vague promises. It is going to take the concerted efforts of everyone who
has a stake in progress and the future of Clearwater. The Times needs to
make a decision of conscience and without old prejudices. Are we going to
work in the present and the future or continue to live with past mistakes
and biases? - Robert Keller, Clearwater
> Lisa McPhersonThe St. Petersburg Times reported on June 27th that Scientology has asked
that the Lisa McPherson wrongful death case be moved out of the county
that includes Clearwater, Florida. A similar request to move the related
counter-claim case was recently withdrawn.
"The Church of Scientology says that media coverage of the landmark Lisa
McPherson wrongful death case has turned back the clock to days of 'overt
hate mongering and media-fueled public animus' and it can no longer get a
fair trial in Tampa Bay. The church on Wednesday filed a motion seeking to
move the wrongful death trial to either Palm Beach or Broward county.
Church attorneys blame a 'barrage of negative media coverage' about the
lawsuit for widespread community prejudice against Scientology, documented
in a random survey of shoppers at Tyrone Square Mall in early spring.
"And the culprit for much of that negativity, the motion argues, is the
repeated inclusion of 'inflammatory and unethical' quotes from Ken Dandar,
the attorney for the estate of McPherson, a Scientologist who died in 1995
after 17 days in the care of the church in Clearwater. 'For six years
Dandar has made outrageous claims, accusing Flag of 'capturing' and then
'imprisoning' Lisa McPherson, then torturing and intentionally causing
Lisa McPherson's death - indeed murdering her,' the motion states. 'Yet
Dandar knew all of these allegations to be utterly false and eventually
they were found to be false by judges.'
"Dandar stood by his statements Thursday. Dandar said the church's attempt
to move the trial is aimed at running up his expenses in hopes it will
persuade the estate to settle the lawsuit.
"According to the motion filed Wednesday, decades-old community prejudice
against Scientology had 'subsided markedly' prior to Dandar filing the
wrongful death suit. 'To the extent the tide had been turning by 1997,
however, this case changed matters,' the motion states. Attached to the
motion are copies of hundreds of newspaper articles, editorials and
letters to the editor - enough to fill a shopping cart - which contain,
the motion states, 'derogatory content of one kind of another on
"After taking a public relations hit when it released the results of the
survey in the previous motion for change of venue, this time church
attorneys were careful to characterize the context of the negative
comments made about the church. Robert C. Sorensen of New York, who
orchestrated the survey of 300 people, noted that on the subject of the
Scientology religion generally, there were an equal number of neutral and
negative responses. But when asked about Scientology in connection with
the wrongful death case, four out of five gave negative opinions, he
> NarcononThe Battle Creek Enquirer reported on June 28th that Scientology has
opened a new Narconon facility in Battle Creek, Michigan.
"The Narconon Stone Hawk Rehabilitation Center has been in operation since
late January. The facility will hold its grand opening today with
residents, local officials and the leadership of the national Narconon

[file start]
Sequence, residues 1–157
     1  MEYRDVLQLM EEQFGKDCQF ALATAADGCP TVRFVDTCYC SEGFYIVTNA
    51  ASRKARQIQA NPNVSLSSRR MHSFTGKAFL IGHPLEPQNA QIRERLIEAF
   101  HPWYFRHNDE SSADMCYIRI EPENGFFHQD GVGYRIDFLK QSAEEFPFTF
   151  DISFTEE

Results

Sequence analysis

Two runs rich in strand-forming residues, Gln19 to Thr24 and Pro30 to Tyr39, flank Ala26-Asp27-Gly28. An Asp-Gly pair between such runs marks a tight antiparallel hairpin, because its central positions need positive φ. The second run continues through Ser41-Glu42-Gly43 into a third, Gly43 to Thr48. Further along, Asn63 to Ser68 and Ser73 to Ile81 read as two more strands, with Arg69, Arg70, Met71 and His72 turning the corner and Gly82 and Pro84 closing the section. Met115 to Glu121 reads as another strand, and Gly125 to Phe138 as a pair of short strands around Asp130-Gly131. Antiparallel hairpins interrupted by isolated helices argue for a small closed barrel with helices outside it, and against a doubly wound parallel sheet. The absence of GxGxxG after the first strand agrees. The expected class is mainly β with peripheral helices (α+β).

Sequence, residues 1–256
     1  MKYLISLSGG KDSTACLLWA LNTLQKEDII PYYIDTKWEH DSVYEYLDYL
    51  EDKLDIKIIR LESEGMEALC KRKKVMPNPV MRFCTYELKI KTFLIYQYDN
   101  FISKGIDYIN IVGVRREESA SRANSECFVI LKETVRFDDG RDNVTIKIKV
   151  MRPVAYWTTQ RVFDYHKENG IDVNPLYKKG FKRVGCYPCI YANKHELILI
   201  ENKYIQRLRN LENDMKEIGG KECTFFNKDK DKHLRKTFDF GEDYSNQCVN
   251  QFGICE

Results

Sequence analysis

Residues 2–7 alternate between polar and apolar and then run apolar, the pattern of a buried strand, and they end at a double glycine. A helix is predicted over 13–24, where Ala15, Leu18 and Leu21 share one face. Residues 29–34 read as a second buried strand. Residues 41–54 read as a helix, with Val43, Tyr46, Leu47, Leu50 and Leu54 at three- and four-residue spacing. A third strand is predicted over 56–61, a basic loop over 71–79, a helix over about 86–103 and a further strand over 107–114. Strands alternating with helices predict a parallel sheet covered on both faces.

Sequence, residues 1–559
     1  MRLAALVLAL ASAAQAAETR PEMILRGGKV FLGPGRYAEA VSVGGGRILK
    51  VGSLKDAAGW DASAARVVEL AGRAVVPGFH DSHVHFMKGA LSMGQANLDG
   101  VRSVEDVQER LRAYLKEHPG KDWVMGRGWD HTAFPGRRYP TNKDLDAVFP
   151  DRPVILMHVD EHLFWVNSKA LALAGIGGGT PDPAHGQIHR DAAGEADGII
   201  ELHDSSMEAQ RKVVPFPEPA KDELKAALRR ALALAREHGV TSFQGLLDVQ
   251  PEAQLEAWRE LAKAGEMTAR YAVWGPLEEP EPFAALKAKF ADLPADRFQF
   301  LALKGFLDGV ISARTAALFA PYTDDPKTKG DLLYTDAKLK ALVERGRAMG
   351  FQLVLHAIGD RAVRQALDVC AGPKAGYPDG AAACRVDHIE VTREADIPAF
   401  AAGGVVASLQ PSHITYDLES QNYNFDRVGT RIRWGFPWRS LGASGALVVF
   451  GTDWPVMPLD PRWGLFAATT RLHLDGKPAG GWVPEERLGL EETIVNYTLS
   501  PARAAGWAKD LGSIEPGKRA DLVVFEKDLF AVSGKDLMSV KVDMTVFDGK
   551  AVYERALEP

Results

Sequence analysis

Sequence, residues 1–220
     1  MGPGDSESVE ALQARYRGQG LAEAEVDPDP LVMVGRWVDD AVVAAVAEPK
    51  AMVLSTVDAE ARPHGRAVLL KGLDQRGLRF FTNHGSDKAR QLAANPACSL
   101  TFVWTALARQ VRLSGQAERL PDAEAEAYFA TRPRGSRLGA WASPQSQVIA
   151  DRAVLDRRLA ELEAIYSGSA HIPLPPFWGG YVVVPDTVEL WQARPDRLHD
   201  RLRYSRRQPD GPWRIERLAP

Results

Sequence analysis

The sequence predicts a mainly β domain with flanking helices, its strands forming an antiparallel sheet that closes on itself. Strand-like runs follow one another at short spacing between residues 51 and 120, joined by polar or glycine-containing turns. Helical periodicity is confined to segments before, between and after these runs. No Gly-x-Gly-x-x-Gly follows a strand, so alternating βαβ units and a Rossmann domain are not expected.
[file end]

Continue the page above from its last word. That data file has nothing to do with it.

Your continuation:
organization in attendance. Festivities, will include food, entertainment,
a traditional Native American blessing and guest speakers including State
Reps. Michael Nofs and Lorence Wenke.
"'Tomorrow is going to be a huge celebration,' Kate Wickstrom said Friday.
Wickstrom is executive director of the facility, on St. Mary's Lake in
Pennfield Township. Wickstrom, who operates the facility with her husband,
Per, said more than 400 people have turned in reservations for the event,
and it's open to the public. Narconon centers follow a strict regiment of
classes, proper eating habits and the use of saunas, as laid out by
Scientology founder L. Ron Hubbard in his book 'Clear Body, Clear Mind,'
to teach people how to beat their addictions, Wickstrom said.
"Last year, when the Wickstroms sought approval for a use variance from
the Pennfield Zoning Board of Appeals to begin operations, numerous
neighbors spoke out against the property being used as a drug
rehabilitation facility. However, the variance was approved 2-to-1.
"One neighbor moved soon after the Pennfield Zoning Board of Appeals
approved the special use permit for Narconon, he said. 'He put it on the
market the day after the township approved it,' Booher said. 'I think
there's some skepticism among the neighbors.'
"Currently there are about 45 residents in the facility, which is expected
to house as many as 100 people when it's at full capacity. So far,
Wickstrom said, nine people have graduated from the program."
> Scam ArtistThe Arizona Republic reported on June 28th that a Scientologist has been
sentenced to prison for stealing the money of investors in his company.
"A former Carefree man who pleaded guilty to spending elderly investors'
money on planes, luxury cars, and jewels was sentenced Friday to 17 1/2
years in prison. Benjamin Franklin Cook III, 55, who has been jailed since
October 1999, agreed to plead guilty to three theft counts in exchange for
the dismissal of more than 30 other charges. Admitting that 'mistakes had
been made,' Cook asked for probation so he could try to repay about 300
investors more than $43 million he collected between Jan 1, 1998, and
March 15, 1999.
"'If this isn't an aggravated case, I don't know what is,' he told Cook,
who once lived on a 10-acre spread in Carefree. 'This is so much money and